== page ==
Husbands Are Called To....Serve?

Two months ago at a men’s conference I had an interesting conversation with a youth pastor about roles in a marriage. As a newlywed still trying to forge the best practices, I’m always interested in these types of conversations.  During our talk we discussed some of the adjustments marriage demands of you such as – learning how to share the same space, complimenting each other’s mental makeup, adjusting from me to we and things of this nature. But during the five minute conversation, he said one thing that really struck a chord with me, two sentences that are crystallized forever – “you may not feel like doing something that your wife wants you to do. You may feel like it’s always you that sacrifices but remember this – God called you to be a servant to your wife.” “A WHAT!” Was the response that bubbled up internally, and probably across my face as well.  

As a man, there are many roles that you come into a relationship ready, or expecting to play. Examples include – partner, protector, provider, companion, confidant, cheerleader and friend. That’s a solid seven right there. As a one track mind kind of guy I feel like my hands are pretty full trying to handle those roles but you want me to add servant to the list? That don’t read. Seriously, I love my wife to death but I said to myself, “servant might be taking it too far.” I mean have you ever thought - right now I just want to be a servant to (insert your significant other)? Why is that? Why do the pivotal words, “I do” that flowed freely on our wedding day so often get locked in an impenetrable fortress when our partner asks, “do you think you can…..?” What causes us to draw the line at servanthood?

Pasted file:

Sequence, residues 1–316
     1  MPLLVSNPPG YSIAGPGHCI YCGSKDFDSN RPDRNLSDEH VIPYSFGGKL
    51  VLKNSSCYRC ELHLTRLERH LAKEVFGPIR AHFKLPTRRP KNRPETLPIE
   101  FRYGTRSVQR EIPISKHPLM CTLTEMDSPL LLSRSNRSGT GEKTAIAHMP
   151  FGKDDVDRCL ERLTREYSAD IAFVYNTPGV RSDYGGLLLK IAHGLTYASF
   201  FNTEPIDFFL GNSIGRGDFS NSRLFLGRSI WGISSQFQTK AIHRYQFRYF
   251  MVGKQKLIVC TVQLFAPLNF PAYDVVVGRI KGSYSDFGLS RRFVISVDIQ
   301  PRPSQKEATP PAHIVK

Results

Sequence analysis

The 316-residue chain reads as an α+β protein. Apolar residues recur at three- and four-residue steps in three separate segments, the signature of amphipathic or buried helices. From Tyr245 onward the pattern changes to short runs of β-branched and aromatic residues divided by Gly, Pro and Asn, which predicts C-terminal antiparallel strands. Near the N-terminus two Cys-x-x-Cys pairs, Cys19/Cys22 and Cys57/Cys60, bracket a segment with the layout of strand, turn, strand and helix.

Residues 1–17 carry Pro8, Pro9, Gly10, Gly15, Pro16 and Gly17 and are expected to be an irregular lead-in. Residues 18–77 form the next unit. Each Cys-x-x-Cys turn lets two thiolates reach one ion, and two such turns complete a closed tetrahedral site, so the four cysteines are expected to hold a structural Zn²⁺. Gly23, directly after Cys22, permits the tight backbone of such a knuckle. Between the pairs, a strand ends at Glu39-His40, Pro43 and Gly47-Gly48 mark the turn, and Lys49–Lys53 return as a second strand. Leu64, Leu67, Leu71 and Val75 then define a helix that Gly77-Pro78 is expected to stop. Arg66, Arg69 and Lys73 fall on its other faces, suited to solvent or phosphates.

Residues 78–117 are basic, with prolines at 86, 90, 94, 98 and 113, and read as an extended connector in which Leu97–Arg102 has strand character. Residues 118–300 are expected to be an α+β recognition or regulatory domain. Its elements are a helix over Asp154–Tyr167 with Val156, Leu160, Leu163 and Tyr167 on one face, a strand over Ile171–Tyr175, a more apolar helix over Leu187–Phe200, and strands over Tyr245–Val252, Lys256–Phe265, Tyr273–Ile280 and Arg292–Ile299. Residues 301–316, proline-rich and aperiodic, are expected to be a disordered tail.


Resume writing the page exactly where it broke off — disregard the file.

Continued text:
Being a servant runs in opposition to the traditional notion of masculinity. Being masculine is associated with traits such as strength and aggressiveness. Synonyms for masculine include words like – macho, muscular, rugged, powerful and robust. Notice words like meek and sensitive are missing from that sentence. This puts a man in a tough position because while masculinity may not require sensitivity and servanthood, relationship does. I include sensitivity because make no mistake, when you talk about serving you’re talking about being sensitive. When you’re sensitive to the needs of your partner it really just means you’re attentive to them. You pick up on the signals or slight changes in their physical or psychological behavior and you can make the necessary adjustment. But you have to be in a certain state to build that sensitivity. You have to have the right mindset to serve. And it's not easy for a man to get there because of what the world requires of a man.  

A man has to move a certain way to be successful in the world. This is not a new realization, every man knows this. Life teaches it to him as he ages and evolves. By the time you're a fully formed adult, it becomes second nature to you. You know what environment requires what behavior and you adjust accordingly. You put on the right face, or maybe mask is a more appropriate word and navigate your way through life's situations and circumstances.

Men, especially black ones, wear an assortment of masks. Examples include - the mask that helps him blend in when his skin makes him stand out in the office, the mask he wears when he’s around his friends, the mask he wears with family members who are always measuring him and his achievements, and the one he wears when he finds himself in unfamiliar public places. These are just a few examples of the many masks men wear daily. These masks control things such as – voice inflection, terminology, slang usage, countenances, dispositions and appearance. Any given day, hour or minute may require a mask change within a second’s notice and it is of the upmost importance that you do not and I repeat do not slip up and put on the wrong mask. Mistakes can be fatal. Seriously.